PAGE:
#6. AMOR & PSYCHE: The inspiration: Baldini tries to recreate a trendy scent from a rival perfumer that everyone was wearing at the time, composed of orange blossom, lime, clove, musk, jasmine, alcohol, and storax.
The interpretation: Lime, which was popular back then, reminds too many people of liquid detergent now, so only modern citruses like bergamot were used, which provides freshness minus the tartness of lime.

#7. NUIT NAPOLITAINE: The inspiration: Grenouille replicates Amor & Psyche for his master, but considers it a badly made perfume and creates a new blend on top of it to make it better.
The interpretation: The previous blend with the addition of gentian, ginger essence, Italian clementine, garden mint, and the floral Michaela Alba Asian plant.

#8. ERMITE: The inspiration: After Baldini’s house collapses, Grenouille hides in a self-imposed grave, a mountain cave 150 feet beneath the earth.
The interpretation: Moss, patchouli, and mushroom notes create the underground mineral smells of earth, wet stones, and darkness. “It’s quite an obscure scent but there’s a freshness to it,” Marangos says. “It’s metallic, transparent, quite unusual.”

# 9. SALON ROUGE: The inspiration: In the book, Grenouille creates his own salon in his dreams, and virtually gets drunk on the scent of formulas he alone knows.
The interpretation: Davana oil and tuberose absolute mixed with lab-created molecules Karanal and Aldron, which smell like hot tar and exude body warmth, respectively.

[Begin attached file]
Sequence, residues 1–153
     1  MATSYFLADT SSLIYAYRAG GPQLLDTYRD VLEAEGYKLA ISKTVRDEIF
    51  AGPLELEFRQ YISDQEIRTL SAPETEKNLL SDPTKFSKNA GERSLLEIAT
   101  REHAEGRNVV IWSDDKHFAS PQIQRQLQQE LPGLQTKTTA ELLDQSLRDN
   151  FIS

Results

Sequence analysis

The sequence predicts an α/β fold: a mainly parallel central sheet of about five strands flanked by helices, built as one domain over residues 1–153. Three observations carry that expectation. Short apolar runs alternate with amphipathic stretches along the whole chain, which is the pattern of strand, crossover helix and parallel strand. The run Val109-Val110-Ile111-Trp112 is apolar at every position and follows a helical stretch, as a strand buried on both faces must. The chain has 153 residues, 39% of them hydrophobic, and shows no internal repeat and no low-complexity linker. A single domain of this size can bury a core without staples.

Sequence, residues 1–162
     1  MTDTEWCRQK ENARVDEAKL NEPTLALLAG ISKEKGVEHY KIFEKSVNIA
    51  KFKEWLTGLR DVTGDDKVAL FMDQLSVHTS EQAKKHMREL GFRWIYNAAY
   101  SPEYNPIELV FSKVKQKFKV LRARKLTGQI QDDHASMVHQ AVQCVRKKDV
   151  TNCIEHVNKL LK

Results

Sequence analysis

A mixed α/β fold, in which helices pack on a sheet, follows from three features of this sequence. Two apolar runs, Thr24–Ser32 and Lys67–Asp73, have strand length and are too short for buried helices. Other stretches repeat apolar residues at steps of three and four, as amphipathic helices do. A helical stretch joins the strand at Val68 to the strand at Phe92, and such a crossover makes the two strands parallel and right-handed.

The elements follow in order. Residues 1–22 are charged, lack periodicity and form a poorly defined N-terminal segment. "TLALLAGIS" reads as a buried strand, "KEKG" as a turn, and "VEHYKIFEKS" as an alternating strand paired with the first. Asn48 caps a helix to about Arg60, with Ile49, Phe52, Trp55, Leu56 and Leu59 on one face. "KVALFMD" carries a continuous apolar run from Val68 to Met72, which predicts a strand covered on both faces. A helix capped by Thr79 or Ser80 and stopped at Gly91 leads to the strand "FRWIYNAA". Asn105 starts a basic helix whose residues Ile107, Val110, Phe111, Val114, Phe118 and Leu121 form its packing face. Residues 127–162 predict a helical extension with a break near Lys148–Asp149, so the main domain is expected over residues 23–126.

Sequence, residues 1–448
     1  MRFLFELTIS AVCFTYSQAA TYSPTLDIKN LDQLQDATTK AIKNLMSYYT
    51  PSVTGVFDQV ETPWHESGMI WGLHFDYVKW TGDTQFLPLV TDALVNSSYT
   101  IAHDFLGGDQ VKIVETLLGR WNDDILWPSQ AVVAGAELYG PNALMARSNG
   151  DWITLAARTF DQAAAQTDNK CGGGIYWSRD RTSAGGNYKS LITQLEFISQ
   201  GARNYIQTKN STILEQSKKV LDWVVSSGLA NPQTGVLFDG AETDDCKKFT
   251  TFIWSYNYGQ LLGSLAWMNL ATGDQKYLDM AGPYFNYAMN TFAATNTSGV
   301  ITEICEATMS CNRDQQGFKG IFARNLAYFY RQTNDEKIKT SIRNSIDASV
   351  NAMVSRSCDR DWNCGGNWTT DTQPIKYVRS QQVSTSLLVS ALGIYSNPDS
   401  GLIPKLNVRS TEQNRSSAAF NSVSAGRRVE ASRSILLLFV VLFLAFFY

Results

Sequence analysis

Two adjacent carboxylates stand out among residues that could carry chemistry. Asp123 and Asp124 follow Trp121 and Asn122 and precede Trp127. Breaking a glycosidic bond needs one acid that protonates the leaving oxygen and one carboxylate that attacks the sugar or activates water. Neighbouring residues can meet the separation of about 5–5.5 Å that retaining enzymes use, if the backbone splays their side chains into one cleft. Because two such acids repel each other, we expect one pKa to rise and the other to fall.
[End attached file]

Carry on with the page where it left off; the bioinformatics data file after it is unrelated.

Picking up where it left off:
# 10. HUMAN EXISTENCE : The inspiration: Not possessing it himself, Grenouille wants to acquire the odor of human beings, so he blends it.
The interpretation: Natural malt absolute, cumin, and lab-created civet and Skatol recreate the sweaty-oily, sour-cheesy odor of unbathed humanity.

# 11. ABSOLU JASMINE: The inspiration: Learning enfleurage in Grasse, Grenouille harvests jasmine blossoms, which have to be picked before sunrise.
The interpretation: One of the most prized notes in perfumery, the scent of Jasminum Grandiflorum can now actually be divided into 25 nuances.

# 12. SEA: The inspiration: Nothing pleases Grenouille more than imagining himself in the crow's nest of a ship, gliding on the endless smell of the sea.
The interpretation: 9 ingredients compose this, most of them lab-created molecules like marine-scented Calone, plus nuances of anise, melon, citrus and a molecule imitating cyclamen.

# 13. NOBLESSE: The inspiration: Grenouille masks his manufactured human odor with a bouquet of floral and fresh-smelling oils.
The interpretation: This scent of the nobles contains Rose de Mai, one of the most expensive ingredients in perfumery since it blooms for only 2-3 weeks a year. Other notes are violet, heliotrope, Atlas cedar, vanilla powder and a special aldehyde reminiscent of the makeup and wigs worn at that time.

#14. ORGIE: The inspiration: Grenouille looses his ultimate scent on the crowds come to witness his execution, which provokes an orgy.
The interpretation: Notes of dark chocolate, plus synthetic musk, sandalwood, sweat and sperm.

#15. AURA: The inspiration: Mugler Parfums president (at the time) Vera Strubi wanted to realize a scent that could be worn in conjunction with other scents that would exalt them, make them last longer, and bring different facets to the fore.
The interpretation: A very unconventional composition that doesn't follow the usual formula of top, heart and base notes but melds 84 ingredients from every single type of fragrance family.